As McDowell points out, the Royal Society and the Royal College of Physicians were all-male institutions at the time and would remain so until the early 20th century.

But this was far more than a work produced to redeem her husband. Elizabeth Blackwell was at the birth of the modern pharmaceutical industry, writing on the cusp of an era when, as McDowell tells us, “medical practice was shifting from the traditional view of ailments caused by imbalances in bodily humours – blood, phlegm, black bile, yellow bile – toward the construct of disease as an outside force, a separate, identifiable entity treatable with specific therapeutics”. Hers may not have been the greatest work of its kind, but it was important in its time.

And it is important as a reference work today. As McDowell says: “A Curious Herbal may be read as a history of Georgian Britain in five hundred plants.”

It is a thrill to now own a complete copy – even if it is a reproduction! A Curious Herbal is published by Abbeville Press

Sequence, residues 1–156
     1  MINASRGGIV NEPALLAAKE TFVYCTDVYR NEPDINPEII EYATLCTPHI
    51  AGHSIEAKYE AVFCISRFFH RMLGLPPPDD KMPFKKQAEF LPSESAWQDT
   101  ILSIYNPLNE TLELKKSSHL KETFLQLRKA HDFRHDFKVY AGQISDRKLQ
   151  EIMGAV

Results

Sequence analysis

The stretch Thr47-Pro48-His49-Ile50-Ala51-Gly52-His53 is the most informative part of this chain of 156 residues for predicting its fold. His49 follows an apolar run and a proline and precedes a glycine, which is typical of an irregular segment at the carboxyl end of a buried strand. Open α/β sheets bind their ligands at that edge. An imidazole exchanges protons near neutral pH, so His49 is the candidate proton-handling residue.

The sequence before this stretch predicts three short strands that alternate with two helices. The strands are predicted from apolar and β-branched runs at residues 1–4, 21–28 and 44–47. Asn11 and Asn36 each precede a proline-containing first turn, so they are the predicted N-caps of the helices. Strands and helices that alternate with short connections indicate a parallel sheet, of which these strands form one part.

1. Lives of eminent men of Aberdeen, by Bruce James, 1841.
  2. A History of the County of Renfrew from the Earliest Times, Chapter XX, by William M. Metcalfe, D.D., 1905.
  3. Ibid.
  4. Botanicum Officinale or a compendious herbal: giving an account of all such plants as are now used in the practice of physick, by Joseph Miller, 1722.
  5. Gentleman’s Magazine, Vol XVII, p424.
  6. Alexander the Corrector, by Julia Keay, 2006.

Alexander the Corrector, by Julia Keay, 2006.

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About the Storyteller Gardener

Martin Stott is an award-winning journalist who has written for most of the UK national press and reported from 21 countries for the BBC World Service and Radio 4. The storyteller garden blog combines his passion for storytelling, gardening and history.